Steve Ells (Class of '88) was born and raised in the Annapolis Valley and returned there to work on his family's livestock and vegetable farm in Sheffield Mills, Nova Scotia, after spending time away. In 2011, Steve and his wife Karen (Class of ‘89) started a new venture on the Ells’ eighth-generation land: a vineyard.
“After being off the farm for a number of years and gone a lot from Nova Scotia, we decided it would be nice to get back into farming,” says Ells. “Much of the landbase of the family farm had been sold to allow my father to retire, so we needed to do something smaller scale but higher value. We looked at an orchard, a market garden and a vineyard as options and decided the site lent itself very well to grape growing. There was also a need in the market for more grape production.”
Since that time, Ellslea Vineyards has grown to 55 acres and produces a mixture of hybrids and vitis vinifera for the local industry, with a focus on grapes for sparkling wines. Ellslea has grown grapes for local wineries, including Benjamin Bridge in Gaspereau and Port Williams-based wineries Planters Ridge and Beausoleil Farmstead. Ells and Karen have developed strong relationships with the local industry.
It was his longstanding relationship with Benjamin Bridge, along with his expertise in grape growing, that led the award-winning winery to recruit Ells as its new head viticulturist and vineyard manager when the position became vacant earlier this year.
“Benjamin Bridge was in need of a new vineyard manager, and they are quite familiar with our vineyard and production methods,” says Ells. “Since we had significant damage to our vineyard after the polar vortex in February 2023, I was also thinking about acquiring some off-farm income. It was a win-win for both of us.”
Benjamin Bridge is well-known in Canada for its sparkling wines, including local favourite Nova 7. Nestled in the picturesque Gaspereau Valley, the vineyard enjoys the benefits of a microclimate that provides conditions suitable for producing traditional method sparkling wines, along with aromatic whites.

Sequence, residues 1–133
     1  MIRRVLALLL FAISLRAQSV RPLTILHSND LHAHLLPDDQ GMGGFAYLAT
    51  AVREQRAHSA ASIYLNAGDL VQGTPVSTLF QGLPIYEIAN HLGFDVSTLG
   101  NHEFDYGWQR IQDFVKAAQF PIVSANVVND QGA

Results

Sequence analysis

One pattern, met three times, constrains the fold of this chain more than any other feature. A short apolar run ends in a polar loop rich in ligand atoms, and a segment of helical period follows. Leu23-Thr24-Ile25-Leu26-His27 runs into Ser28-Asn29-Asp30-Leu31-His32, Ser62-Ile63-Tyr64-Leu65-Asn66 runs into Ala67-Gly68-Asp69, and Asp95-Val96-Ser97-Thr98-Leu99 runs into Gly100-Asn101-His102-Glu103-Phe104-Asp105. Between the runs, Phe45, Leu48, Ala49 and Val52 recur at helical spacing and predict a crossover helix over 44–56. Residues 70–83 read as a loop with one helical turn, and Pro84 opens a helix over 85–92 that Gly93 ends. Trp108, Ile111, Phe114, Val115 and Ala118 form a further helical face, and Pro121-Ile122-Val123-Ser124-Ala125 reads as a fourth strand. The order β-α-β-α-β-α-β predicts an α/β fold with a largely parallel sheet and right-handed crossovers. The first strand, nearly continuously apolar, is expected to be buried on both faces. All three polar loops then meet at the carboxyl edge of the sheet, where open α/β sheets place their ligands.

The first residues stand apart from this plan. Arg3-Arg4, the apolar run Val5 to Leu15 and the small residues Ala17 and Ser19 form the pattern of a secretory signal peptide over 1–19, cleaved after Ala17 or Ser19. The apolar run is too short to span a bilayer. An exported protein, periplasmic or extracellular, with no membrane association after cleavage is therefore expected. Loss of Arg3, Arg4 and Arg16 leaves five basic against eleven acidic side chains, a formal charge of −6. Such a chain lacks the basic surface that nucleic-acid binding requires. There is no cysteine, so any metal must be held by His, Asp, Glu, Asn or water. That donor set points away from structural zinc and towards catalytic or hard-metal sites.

The winery is also known for its innovative products — including Canada’s first canned Pétillant Naturel, a raw and natural sparkling wine — and its unique hospitality, including an ice-skating surface installed on the property in the winter months. For many reasons, Benjamin Bridge is often recognized as a leader in the Nova Scotia wine industry.
“Whether it’s the wines they’re making, their stewardship of the land they farm, how they work with the team they employ or the collaboration with the community and peoples around them, they put great care into their entire operation,” says Ells. “They put a lot of effort into all they do and a lot of thought into how they do it.”
Rebounding from a winter setback
Which is why their choice to recruit Ells as their head viticulturist speaks volumes about his ability and expertise. In his role, Ells is responsible for all of the activities in the vineyard, for maintaining the vineyard and ensuring all vines are healthy. It sounds like a challenge at the best of times, but particularly after the extreme cold that swept through Nova Scotia in February.
According to Ells, the extent of the damage is unknown at this point. Hybrid grape varieties are doing fairly well, and new growth at the bottom of Chardonnay, Pinot Noir and Riesling vines is promising. Some replanting will be required, but it will take the full growing season to determine which vines have failed completely.
Between rehabilitating his own vineyard and that of Benjamin Bridge, Ells has a lot on his plate. But that doesn’t stop him from giving back to both his industry and his community.
Ells volunteers with the Canning Fire Department and is involved in the Kings County Federation of Agriculture. He also currently serves as president for the Nova Scotia Grape Growers Association, a not-for-profit organization representing over 100 growers in the province. About half the grapes grown for wineries in Nova Scotia are grown by independent growers like Ellslea Vineyards, and the industry continues to grow.
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